Rain and storms expected through Wednesday morningJanuary 8th, 2013 at 3:00 pm by Jim Spencer under Weather
A strong upper level low pressure storm system will move across South Central Texas on Wednesday and to North Texas and Oklahoma Wednesday night. The storm system in combination with rich tropical moisture from the Gulf of Mexico and eastern Pacific, will produce widespread shower and thunderstorm activity through Wednesday. Some of these storms could become strong to severe this evening and tonight with damaging winds, hail, and heavy rainfall possible. Some isolated tornadoes are also possible mainly near and south of I-10 and east of I-37. Rainfall totals could range from one half to one inch west of highway 83, one to two inches from east of highway 83 to highway 281, from 2 to 3 inches from Highway 281 to a line from Georgetown and Austin to Yorktown and 3 to 6 inches along and east of a line from Georgetown and Austin to Yorktown. (National Weather Service)
There is a slight risk of severe thunderstorms through Wednesday morning south and east of a line from Lexington to Lakeway to Helotes to Carrizo Springs. The main threat will be damaging winds however isolated tornadoes will be possible across our southeast counties…generally south of I-10 and east of I-37. A flash flood watch is in effect through noon Wednesday for the following counties, Bastrop, Caldwell, Dewitt, Fayette, Gonzales, Lavaca. Lee, Travis and Williamson. Rainfall totals of 3 to 6 inches are possible across the watch area which may result in flooding. (National Weather Service)
An upper level storm moving across northern Mexico is causing scattered showers and thunderstorms to form this afternoon across many sections of South Central Texas. A Flash Flood Watch has been issued for Williamson….Travis…Lee…Bastrop…Caldwell…Fayette…Gonzales…Lavaca…and DeWitt Counties until Noon on Wednesday as rains are expected to become more widespread over the next 24 hours and could total 3 to 6 inches. Severe weather chances will increase during the late afternoon and evening…but be mainly confined to east of I-35. Main impact time of possible flooding and severe weather will be from 8pm Tuesday to Noon on Wednesday. Isolated tornadoes are possible….mainly south of I-10 and east of I-37 and east of I-35.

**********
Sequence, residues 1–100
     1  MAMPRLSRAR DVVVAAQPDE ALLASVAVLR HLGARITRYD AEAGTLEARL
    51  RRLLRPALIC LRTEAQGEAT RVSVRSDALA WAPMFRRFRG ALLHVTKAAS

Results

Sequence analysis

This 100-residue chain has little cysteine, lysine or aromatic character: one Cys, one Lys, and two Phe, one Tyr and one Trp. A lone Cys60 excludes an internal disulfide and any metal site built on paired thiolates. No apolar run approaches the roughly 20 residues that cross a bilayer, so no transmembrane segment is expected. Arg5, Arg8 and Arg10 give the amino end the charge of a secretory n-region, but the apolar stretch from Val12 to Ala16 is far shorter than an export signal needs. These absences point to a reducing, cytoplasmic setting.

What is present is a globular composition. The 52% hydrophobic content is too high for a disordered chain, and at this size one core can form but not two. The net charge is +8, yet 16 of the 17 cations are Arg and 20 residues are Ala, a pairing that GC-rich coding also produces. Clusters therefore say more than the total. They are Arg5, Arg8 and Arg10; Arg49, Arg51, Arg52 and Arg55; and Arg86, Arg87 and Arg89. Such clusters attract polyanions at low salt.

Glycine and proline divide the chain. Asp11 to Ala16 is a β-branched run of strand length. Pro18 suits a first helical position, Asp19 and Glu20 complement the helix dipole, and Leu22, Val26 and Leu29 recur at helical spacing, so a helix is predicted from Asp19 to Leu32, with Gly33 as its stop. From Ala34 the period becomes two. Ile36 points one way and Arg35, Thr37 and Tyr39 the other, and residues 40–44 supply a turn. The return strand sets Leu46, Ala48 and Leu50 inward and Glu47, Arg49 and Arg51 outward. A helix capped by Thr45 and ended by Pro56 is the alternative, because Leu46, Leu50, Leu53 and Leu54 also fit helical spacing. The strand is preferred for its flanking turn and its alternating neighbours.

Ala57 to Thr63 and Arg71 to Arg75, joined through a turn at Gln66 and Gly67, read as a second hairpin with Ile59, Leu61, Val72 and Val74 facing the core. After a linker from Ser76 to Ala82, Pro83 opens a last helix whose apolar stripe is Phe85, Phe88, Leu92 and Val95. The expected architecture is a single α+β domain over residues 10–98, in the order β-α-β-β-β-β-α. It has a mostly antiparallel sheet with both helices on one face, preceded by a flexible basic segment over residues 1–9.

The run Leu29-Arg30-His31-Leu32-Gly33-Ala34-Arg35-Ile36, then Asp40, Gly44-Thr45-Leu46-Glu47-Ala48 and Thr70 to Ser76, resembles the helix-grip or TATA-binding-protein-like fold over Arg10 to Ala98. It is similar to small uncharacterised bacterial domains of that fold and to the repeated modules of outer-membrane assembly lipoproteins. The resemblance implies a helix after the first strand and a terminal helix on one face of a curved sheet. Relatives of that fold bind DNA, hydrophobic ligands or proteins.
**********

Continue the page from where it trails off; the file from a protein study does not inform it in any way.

As the upper low approaches Texas from the west during the next 24 hours, rains will become more widespread across South Central Texas. Brief heavy downpours are expected with the showers and storms through late afternoon although dont expect any major problems expect some minor urban type street flooding. The storms are moving fairly fast so it will take a lot of training to produce high rain totals. A few spots may receive 1 inch by early this evening but those totals should be isolated. Severe risk is low this afternoon.
Tuesday Night/Early Wednesday
Heavy rainfall is expected across most of South Central Texas. A large complex of showers and storms will likely form and move to the east and northeast across the I-35 corridor. Rainfall totals will increase as you head to the east. I have attached a graphic showing the latest forecast rain totals and threats. Storm total rainfall amounts of up to 1 inch along the Rio Grande from Del Rio to Eagle Pass…1-2 inches over most of Hill Country….2-3 inches along the I-35 Corridor from Austin to San Antonio…and 3-6 inches mainly east of I-35 as you head along I-10 and Highway 290 toward Houston.
This evening and overnight, there will be a severe risk although it will be fairly isolated. Could have a few spots with wind damage and even an isolated tornado. We had several small tornadoes with an event in January 2012. The highest severe risk will be south and east of I-35. Would expect most severe reports to be along or near the Texas Coast….but cant rule it out over South Central Texas.
Event Ending on Wednesday afternoon:
The weather system will start to push east out of South Central Texas by Wednesday afternoon. Rains should generally end from west to east starting Wednesday morning while significant rains should end over the eastern sections by Wednesday afternoon. The large upper low will still be over the central part of the state late Wednesday but overall weather threats will have ended.
Heavy rainfall will lead to increased flows of creeks and low water crossings. Urban flooding in the Austin and San Antonio metro areas appears likely given the expected rainfall amounts. Due to the ongoing drought, area lake, reservoir and river levels are low. At this time, flooding of main stem rivers is not expected, although river levels will likely rise given the expected rainfall amounts. Always remember that the majority of flash flood deaths occur at nighttime. Since we are expecting heavy rains late Tonight into early Wednesday, remember…Turn Around Dont Drown.
Please continue to monitor our website at weather.gov/austin for the latest information and forecasts on this weather system.